Run-flat tyres are becoming increasingly commonplace on the roads of the UK as more car manufacturers fit these advanced tyres as standard equipment or as an optional extra. However, there are still some misconceptions surrounding the fitment and use of this new type of tyre.
Run-flat tyres, or self supporting run-flat tyres to give them their correct title, should not be fitted to a vehicle not designed to accept them or without a pressure monitoring system. Equally they should not be mixed with conventional tyres as the handling and performance characteristics of the two types of tyres are quite different. Mixing of different brands of SST tyres may also not be advisable and the motorist should check with the manufacturer of the tyre or vehicle for advice. It is recommended that the same make and type of SST tyre be fitted across the same axle.
Distance and speed
SST tyres are designed to provide a run-flat capability following deflation. The range when running flat is dependent on the conditions of use, vehicle load, speeds and driving conditions. Each manufacturer of SST tyres may well have a slightly different recommendation related to speed and distance travelled in a deflated condition. However, whilst a universal standard is yet to be defined, the industry feeling is that this is likely to be 80 km (50 miles) distance at speeds of up 80 kph (50mph) for cars in normal use.
Repairing run-flat tyres
Run-flat tyres have specially reinforced sidewalls enabling them to perform whilst deflated for a limited distance and speed as already mentioned. In the course of running in a deflated or significantly under inflated condition, the tyre structure is subjected to high stresses and therefore may become weakened and permanently damaged rendering the tyre both unsuitable and unsafe to repair.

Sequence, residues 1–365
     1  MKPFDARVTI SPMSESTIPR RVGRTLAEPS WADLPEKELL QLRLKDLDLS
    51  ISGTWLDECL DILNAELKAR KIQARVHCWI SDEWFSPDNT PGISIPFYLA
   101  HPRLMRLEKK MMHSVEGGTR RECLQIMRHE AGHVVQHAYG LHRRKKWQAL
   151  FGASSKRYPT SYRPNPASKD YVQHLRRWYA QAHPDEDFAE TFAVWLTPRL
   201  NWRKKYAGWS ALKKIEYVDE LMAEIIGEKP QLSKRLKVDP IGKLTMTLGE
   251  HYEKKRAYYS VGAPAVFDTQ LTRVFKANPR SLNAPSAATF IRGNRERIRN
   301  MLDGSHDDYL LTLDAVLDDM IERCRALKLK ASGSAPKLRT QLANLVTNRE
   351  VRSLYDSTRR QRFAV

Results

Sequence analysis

When a standard tyre is run in a deflated condition there are visible signs which indicate that damage to the tyre’s structure has occurred. Because of the reinforced sidewall structure of a run-flat tyre these telltale signs are likely to be masked and not visible even if they are present. Even a fully qualified tyre repairer may not be able to detect run flat damage to a tyre. For these reasons alone and in the interests of safety the British Rubber Manufacturers’ Association, the body representing the major tyre manufacturing companies, does not recommend repairs to a run flat tyre. The advice from individual manufacturers of run flat tyres may differ however and motorists are advised to check with the tyre company for any different advice.
Retreading of run flat tyres
The responsibility for retreading any tyre lies with the retreading company not the tyre manufacturer. To date there is very limited experience of retreading this new type of tyre but in principle there is no reason why a sound run flat tyre may not be retreaded. Given the unique structure of the run flat tyre, as already mentioned, they should not be mixed with traditional tyres and so to avoid this risk a retreaded run flat tyre must be marked and identified by the retreader as a run flat tyre.
This article was posted on 19th July 2011 in Latest News